Last week, California got its greatest dose of rain in years. Some parts of the state got hit worse than others, and thankfully the Salinas Valley was one of the luckier spots ("Salinas escapes weekend major flooding").
While the Salinas River's watershed received much less rain that some other areas in Northern and Central California, there have been other developments in the Salinas Valley that could have contributed to the River's ability to pass this series of storms without a major flooding incident. Beginning in 2014, landowners in the Salinas Valley have been engaging in a new Stream Maintenance Program ("Salinas River Stream Program could help prevent floods") to help reduce flood risk.
The new Stream Maintenance Program was a unique collaborative effort between landowners, a local agricultural association, the Monterey County Water Resources Agency, and The Nature Conservancy (TNC) that broke a long-term stalemate between environmentalists wanting to preserve Salinas River habitats and landowners wanting to remove in-channel vegetation to reduce flood risk. Landowners had not been able to secure permits to remove vegetation from the river over concerns these actions would harm riparian habitat needed by migratory fish and other wildlife.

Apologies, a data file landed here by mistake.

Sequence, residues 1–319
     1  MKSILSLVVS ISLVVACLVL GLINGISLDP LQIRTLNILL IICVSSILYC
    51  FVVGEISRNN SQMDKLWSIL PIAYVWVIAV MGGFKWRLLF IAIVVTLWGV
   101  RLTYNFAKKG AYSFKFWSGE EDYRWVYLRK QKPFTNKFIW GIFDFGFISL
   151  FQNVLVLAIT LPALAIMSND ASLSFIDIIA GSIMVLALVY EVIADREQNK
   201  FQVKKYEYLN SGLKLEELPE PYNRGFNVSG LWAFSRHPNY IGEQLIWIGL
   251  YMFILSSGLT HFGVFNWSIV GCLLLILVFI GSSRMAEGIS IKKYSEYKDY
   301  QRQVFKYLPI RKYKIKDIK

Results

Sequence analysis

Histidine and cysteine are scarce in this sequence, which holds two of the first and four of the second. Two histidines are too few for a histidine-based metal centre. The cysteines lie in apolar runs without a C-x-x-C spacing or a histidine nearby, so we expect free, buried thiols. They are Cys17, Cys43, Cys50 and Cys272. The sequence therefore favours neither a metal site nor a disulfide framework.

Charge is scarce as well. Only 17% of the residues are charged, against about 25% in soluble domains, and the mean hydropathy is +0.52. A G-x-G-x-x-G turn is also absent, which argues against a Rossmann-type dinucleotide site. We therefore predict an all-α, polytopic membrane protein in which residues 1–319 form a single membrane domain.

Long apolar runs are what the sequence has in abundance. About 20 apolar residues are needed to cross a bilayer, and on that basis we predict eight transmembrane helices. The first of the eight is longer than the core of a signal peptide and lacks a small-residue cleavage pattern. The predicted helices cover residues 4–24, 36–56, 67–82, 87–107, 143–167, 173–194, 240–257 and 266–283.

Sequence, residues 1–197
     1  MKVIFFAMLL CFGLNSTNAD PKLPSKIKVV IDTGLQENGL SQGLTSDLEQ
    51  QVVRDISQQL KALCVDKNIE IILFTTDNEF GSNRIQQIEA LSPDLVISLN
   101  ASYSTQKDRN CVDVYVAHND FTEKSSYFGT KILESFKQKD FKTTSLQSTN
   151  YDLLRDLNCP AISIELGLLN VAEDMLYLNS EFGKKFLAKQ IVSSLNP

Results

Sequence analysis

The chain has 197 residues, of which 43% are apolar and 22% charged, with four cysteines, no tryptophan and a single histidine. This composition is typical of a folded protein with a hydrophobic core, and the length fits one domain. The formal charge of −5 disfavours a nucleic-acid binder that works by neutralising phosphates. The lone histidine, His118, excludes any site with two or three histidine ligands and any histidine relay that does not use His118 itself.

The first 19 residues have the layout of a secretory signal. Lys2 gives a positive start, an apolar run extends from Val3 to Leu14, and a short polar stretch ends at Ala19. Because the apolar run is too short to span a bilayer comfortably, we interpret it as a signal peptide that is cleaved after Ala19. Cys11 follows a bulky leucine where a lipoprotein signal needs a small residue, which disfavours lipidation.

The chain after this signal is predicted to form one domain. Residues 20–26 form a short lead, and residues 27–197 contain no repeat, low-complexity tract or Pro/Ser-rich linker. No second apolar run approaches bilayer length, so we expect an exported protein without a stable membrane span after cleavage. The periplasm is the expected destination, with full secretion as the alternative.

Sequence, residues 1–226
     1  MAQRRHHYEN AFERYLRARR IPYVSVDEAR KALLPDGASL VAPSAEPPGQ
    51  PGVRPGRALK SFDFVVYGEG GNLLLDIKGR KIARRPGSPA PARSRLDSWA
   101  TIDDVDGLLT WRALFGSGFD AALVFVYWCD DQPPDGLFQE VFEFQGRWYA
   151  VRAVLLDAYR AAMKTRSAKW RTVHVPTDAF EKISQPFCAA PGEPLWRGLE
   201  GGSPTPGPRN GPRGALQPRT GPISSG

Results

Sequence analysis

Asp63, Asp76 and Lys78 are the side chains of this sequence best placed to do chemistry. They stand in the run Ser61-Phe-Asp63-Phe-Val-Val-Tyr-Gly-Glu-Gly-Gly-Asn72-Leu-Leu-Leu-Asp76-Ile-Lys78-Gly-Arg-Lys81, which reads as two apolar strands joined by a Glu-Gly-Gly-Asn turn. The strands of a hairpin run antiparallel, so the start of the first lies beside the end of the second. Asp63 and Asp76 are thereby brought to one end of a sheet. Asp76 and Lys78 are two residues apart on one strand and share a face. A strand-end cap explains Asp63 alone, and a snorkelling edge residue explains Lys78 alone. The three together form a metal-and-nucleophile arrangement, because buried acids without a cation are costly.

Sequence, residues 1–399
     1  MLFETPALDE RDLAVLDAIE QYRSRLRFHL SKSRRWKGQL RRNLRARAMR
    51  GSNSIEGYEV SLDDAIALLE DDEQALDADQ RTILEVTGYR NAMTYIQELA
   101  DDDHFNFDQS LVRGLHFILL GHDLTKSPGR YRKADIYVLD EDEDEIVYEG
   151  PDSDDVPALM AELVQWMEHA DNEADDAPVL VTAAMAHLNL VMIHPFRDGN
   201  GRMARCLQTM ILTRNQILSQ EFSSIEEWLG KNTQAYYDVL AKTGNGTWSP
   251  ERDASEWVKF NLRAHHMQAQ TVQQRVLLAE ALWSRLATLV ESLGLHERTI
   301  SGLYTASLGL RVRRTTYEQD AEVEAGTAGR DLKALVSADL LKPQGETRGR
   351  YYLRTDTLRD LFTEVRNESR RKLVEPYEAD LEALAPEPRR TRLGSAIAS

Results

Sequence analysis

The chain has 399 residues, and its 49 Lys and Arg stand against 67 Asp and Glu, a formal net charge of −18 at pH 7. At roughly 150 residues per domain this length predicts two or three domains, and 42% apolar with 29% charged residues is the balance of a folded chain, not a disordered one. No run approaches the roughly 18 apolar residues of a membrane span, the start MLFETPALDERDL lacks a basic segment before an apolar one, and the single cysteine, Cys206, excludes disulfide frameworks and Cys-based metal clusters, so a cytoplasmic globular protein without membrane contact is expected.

TNC enlisted FlowWest's help in 2012 to study the way the Salinas River worked and see if there wasn't a better way forward for all parties that would conserve or enhance habitat while reducing flood risk at the same time. Between 2012 and 2015, FlowWest developed a sophisticated computer model of the Salinas Valley that helped all stakeholders better understand where, how, and why the Salinas River would flood under different sizes of storms.
Armed with this information, and in collaboration with other TNC experts in biology and environmental permitting, FlowWest and the TNC team designed a series of vegetation removal zones along the River called secondary channels. These secondary channels were able to maximize flood carrying capacity of the River while minimizing impacts to habitat. Even more, these secondary channels are helping return the River to a more natural, "braided" form that it took historically. This new plan was accepted by both landowners and environmental regulators.
In 2014 the first pilot sites of this new Stream Maintenance Program were completed, and in late 2016, similar work began in parts of the rest of the Valley. While we know that this program cannot prevent all future floods, it should reduce the frequency of floods and reduce damage when flooding occurs. A group of stakeholders historically at odds with each other were brought a bit closer together to work toward a common goal, and everyone learned more about the River in the process.
FlowWest is proud to have been part of this effort!